China now accounts for nearly half of the nonwovens output in the Asia-Pacific region (INDA.4 million tons which is equivalent to $15. approximately 64% of nonwoven materials were produced in North America. Tonnage has increased at an average annual growth rate of 7.2 12. Cary. these regions accounted for slightly higher than 70% of world nonwoven output (Figure 2).nonwovens manufacturers to supply the Latin American markets. 2005). Worldwide Outlook for the Nonwovens Industry: 2004-2009. Figure 2. This nonwovens industry phenomenon has occurred due.0 49.4% 5. Table 4. Cary. NC.Fall 2006 . Worldwide Outlook for the Nonwovens Industry: 2004-2009. in part. Most of the production from this area is converted and consumed within the domestic Latin markets. 2004 4.2 9.4 15. NC. (INDA report). Nonwoven Production by Region (2004).9 110. Issue 3.0 World Nonwoven Production The global production of nonwovens reached 4. (2004).4% per year over the past decade. Article Designation: Scholarly 6 JTATM Volume 5.0 1999 3. to the industrialization of China. Western Europe and Japan. Global Nonwoven Fabric Production 1994 Tonnes (Million) Dollars (billion) Square meters (millions) 2.0 Growth Rate 1994-2004 (%/Year) 7. A decade earlier.4% Source: INDA & European Disposables and Nonwovens Association (EDANA) estimates (2004) INDA.6 74. During 2004. (INDA report). Source: Association of the Nonwoven Fabrics Industry (INDA) & European Disposables and Nonwovens Association (EDANA) estimates (2004) INDA.9 billion (USD) and equals approximately 110 million square meters in 2004 (Table 4).9% 8. It is expected that free trade agreements will not have a major impact on either imports or exports of nonwovens between North America and Latin America due to the North America’s investments in local Latin nonwovens production. The Chinese government is encouraging private enterprise to expand the industries with efficient factories. (2004).

and its production capacity increased more than five times over the past decade.74 0. such as spun-bonded. Much of the growth during the past several years is due to China.61 0.46% 200. India’s nonwoven output was about 0.76% 122. The production in the Asia-Pacific market has grown 2. their combined volume has continued to be filled by the spunlaid technologies.30 0.04 tons in 2004.13 0. This country has appeared to be on the verge of major expansion for the past decade.17 2004 1.16 1.18 0. resin-bonded and needle-punched technologies.46% 38. The nonwoven industry’s growth during the past decade expanded 13% per year.31 1.5 times over the past 10 years (Table 5).06 3.31 million tons. Cary. Yet.13 0.91 0. India. 2005). While the carded technologies lost market share from 55% in 1994 to 46% in 2004. Latin American nonwoven production in 2004 totaled 0.03 2.43 (mn tons) Growth 1994-2004 56.31 0.00% 98. (INDA report). Article Designation: Scholarly 7 JTATM Volume 5.92 0.00% 138.Fall 2006 . Pakistan and Russia. Worldwide Outlook for the Nonwovens Industry: 2004-2009. Nonwoven production by process has experienced changes. The total nonwoven output from the Middle East was 0. The nonwoven industry in the country of South Africa has a long history and is well developed with several technologies. Table 6 presents the considerable growth of the four basic nonwoven technologies in tons for the past 10 years (1994-2004). Chile. Issue 3. Colombia. (2004). A considerable amount of this growth was due to the industry in Israel which produced over 40% of the total Middle East nonwoven production. China accounted for almost half of the nonwoven output within the Asia -Pacific region.12 0.40 0.16% 155. rapidly expanded exceeding one million tons in 2004. there is little nonwoven activity in North Africa except Egypt. Table 5 World Nonwoven Production Growth by Region (1994-2004) 1994 0.The Asia -Pacific market.18 tons in 2004.63 0.36 0. NC.65% North America Western Europe Japan Asian-Pacific Latin America Middle East ROW World Source: INDA & EDANA estimates (2004) INDA. excluding Japan.95% 63.02 0. Mexico and Venezuela) produced over 90% of all nonwovens in this region (Thurston. carded thermal-bonded. The rest of world includes Africa. The leading nonwoven producers (Argentina.09 4.23 1999 0.19 0. In 2004. Brazil.23 0.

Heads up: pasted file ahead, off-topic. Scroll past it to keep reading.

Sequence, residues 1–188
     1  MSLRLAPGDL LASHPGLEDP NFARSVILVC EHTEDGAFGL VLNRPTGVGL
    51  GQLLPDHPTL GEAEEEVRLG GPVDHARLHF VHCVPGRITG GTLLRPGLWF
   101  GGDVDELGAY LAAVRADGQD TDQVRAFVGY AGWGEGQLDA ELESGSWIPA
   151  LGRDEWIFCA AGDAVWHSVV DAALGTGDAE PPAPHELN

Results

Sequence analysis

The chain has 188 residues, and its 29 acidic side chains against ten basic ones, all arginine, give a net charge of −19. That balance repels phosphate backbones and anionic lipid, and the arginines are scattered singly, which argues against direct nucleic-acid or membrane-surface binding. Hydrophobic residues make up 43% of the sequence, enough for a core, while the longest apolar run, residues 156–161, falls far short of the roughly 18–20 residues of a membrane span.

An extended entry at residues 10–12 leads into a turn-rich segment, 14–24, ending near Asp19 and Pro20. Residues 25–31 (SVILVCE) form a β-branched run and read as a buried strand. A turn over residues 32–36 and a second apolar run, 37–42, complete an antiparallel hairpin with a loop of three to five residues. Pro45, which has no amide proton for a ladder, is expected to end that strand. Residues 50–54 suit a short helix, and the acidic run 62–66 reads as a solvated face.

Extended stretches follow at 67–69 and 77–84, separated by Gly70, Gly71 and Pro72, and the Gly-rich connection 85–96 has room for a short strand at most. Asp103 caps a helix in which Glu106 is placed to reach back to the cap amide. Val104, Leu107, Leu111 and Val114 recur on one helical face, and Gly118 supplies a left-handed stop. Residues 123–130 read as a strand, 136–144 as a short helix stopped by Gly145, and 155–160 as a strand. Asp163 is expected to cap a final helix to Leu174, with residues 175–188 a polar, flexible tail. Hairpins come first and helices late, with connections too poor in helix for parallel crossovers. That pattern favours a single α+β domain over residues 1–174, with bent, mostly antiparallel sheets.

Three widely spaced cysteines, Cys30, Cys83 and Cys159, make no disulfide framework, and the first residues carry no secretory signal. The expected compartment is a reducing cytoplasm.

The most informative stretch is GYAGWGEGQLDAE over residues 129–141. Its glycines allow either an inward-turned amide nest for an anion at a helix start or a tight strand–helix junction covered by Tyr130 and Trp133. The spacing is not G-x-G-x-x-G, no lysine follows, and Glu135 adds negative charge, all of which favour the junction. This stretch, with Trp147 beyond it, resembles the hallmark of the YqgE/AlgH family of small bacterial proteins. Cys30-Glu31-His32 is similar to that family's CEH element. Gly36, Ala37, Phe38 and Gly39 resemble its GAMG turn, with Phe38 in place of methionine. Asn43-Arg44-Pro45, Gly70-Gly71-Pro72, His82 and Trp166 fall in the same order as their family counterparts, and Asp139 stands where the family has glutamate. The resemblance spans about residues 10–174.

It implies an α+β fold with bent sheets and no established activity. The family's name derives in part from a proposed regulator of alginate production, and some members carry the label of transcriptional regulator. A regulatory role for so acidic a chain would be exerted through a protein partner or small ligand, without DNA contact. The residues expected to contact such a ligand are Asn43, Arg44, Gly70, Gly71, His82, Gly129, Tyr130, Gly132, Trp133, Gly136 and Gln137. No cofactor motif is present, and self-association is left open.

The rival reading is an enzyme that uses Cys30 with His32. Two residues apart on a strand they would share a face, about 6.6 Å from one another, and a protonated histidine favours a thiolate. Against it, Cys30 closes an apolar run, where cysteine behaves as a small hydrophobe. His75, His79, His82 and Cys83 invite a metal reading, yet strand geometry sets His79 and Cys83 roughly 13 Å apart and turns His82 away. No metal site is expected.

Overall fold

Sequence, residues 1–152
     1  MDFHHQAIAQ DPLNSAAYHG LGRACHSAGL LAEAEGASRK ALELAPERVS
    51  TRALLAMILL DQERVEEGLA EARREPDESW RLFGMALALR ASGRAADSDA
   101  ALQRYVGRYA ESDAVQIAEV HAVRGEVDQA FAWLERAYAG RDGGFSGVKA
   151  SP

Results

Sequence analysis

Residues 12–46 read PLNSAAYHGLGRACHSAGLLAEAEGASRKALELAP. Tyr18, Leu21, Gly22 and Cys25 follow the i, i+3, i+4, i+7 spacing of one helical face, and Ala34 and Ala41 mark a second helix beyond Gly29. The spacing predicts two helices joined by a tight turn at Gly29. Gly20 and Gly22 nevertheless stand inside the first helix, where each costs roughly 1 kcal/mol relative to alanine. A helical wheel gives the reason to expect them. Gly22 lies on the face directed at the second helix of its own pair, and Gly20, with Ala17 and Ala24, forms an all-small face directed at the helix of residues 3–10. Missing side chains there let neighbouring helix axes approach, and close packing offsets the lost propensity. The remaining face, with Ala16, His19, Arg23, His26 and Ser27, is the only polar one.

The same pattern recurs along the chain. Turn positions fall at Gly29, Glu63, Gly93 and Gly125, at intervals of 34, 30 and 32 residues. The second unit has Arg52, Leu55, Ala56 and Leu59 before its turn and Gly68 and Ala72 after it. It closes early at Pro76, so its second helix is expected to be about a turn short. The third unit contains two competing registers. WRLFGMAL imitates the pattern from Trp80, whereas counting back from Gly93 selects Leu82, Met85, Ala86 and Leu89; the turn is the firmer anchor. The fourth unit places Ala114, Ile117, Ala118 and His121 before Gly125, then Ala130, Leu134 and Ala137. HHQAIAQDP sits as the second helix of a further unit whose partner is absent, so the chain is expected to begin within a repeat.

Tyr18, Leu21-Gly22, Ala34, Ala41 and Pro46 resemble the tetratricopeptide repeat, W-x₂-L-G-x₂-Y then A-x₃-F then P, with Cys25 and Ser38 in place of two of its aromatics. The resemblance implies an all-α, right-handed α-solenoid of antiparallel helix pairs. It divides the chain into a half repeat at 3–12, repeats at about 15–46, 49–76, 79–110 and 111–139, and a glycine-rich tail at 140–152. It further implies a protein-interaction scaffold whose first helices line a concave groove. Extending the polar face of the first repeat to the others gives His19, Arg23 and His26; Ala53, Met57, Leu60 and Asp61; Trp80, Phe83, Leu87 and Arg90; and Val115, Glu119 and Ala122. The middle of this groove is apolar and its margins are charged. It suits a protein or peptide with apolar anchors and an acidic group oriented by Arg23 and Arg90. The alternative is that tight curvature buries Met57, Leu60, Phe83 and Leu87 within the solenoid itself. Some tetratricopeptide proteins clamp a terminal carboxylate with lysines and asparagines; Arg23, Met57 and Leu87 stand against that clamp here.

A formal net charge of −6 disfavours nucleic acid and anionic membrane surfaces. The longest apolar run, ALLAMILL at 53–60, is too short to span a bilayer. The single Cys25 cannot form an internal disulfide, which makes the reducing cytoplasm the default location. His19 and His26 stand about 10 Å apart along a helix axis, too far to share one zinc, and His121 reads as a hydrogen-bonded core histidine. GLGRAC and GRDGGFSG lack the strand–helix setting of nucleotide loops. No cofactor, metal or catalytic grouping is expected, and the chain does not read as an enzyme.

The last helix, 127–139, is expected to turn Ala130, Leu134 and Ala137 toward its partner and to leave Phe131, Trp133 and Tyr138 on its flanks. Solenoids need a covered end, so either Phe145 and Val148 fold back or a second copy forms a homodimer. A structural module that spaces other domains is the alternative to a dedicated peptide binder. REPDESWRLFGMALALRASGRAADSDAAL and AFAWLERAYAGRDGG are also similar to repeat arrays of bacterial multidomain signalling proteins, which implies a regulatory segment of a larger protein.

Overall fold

2005). 2004).30% 276. Hence. with more than 38% market share of the total fiber industry (Figure 5. Natrajan. and Asia Pacific) from 2001 to 2004.73 0. the polypropylene markets for Article Designation: Scholarly nonwovens are fairly balanced on feedstock for short-term demand levels. Cary.13 0. Cary.40% 62. high oil prices and global trade patterns.33 0. and the consumption in the Western Europe reached around nine million tons (“Polypropylene 8 JTATM Volume 5. In the European Union. “Polyolefins leads”. Western Europe. (INDA report). In addition. Worldwide Outlook for the Nonwovens Industry: 2004-2009. polypropylene is one of the leading polymers used for textiles including nonwovens. Issue 3. Indeed. (INDA report).14 0. As the processing technology of spunlacing develops.19 0.20 0. Spunlaced technologies are rapidly growing and increasing their share.Fall 2006 .06 1. 2003. Thermal and resin bonded nonwovens which accounted for over 40% of the carded technologies in early 1990’s represent only 35% of the total carded bonded share in 2004. The price of polypropylene in North America has increased since 2001 because the polypropylene capacity has been greater than the production during the same period (Figure 4. (2004). Carded and Bonded Nonwovens Shares by Technology Needle-punched Spunlaced Thermal/Resin Bonded 1994 43% 11% 46% 1999 42% 14% 44% 2004 44% 21% 35% Growth 1994-2004 2% 91% -24% Source: INDA & EDANA estimates (2004) INDA. NC. Figure 3 illustrates polypropylene pricing trends for these regions (United States.00% 25.30% Carded Spunlaid Air Laid Wet Laid Source: INDA & EDANA estimates (2004) INDA.Table 6 Global Nonwoven Production by Process 1994 1. In this section. and spunlaced nonwoven gauze have reached sales and production levels that challenge those of woven gauze (Pourdeyhimi. Worldwide Outlook for the Nonwovens Industry: 2004-2009. NC. 2005). the quality of spunlaced nonwovens is remarkably improved although the production needs simple equipment and comparably lower production cost than that of thermal/resin bonded nonwovens. major nonwoven producers have been faced with challenges to deliver sustained profit margins amid price volatility in these polymers. Polypropylene(PP) Markets The United States and West European market-driven nonwoven companies have pursued growth strategies targeting emerging economies in Asia as a sourcing base. Table 7 shows the growth of spunlaced nonwovens and the increasing demise of thermal/resin bonded nonwoven technologies over the past 10 years.20 (mn tons) Growth 1994-2004 72.14 2004 2. (2004).12 1999 1. we review the production trends of polypropylene (PP) and polyester (PET) since they are major raw materials used in nonwoven industry.85 0. Trends in Raw Materials The global nonwoven industry is on the threshold of raw material supply and demand influenced by shifts in consumers’ needs.72 1. Polypropylene consumption looks likely to have increased over the recent four years. spunlaced nonwovens have developed over the past 10 years for making wipes. Engelhardt. Table 7.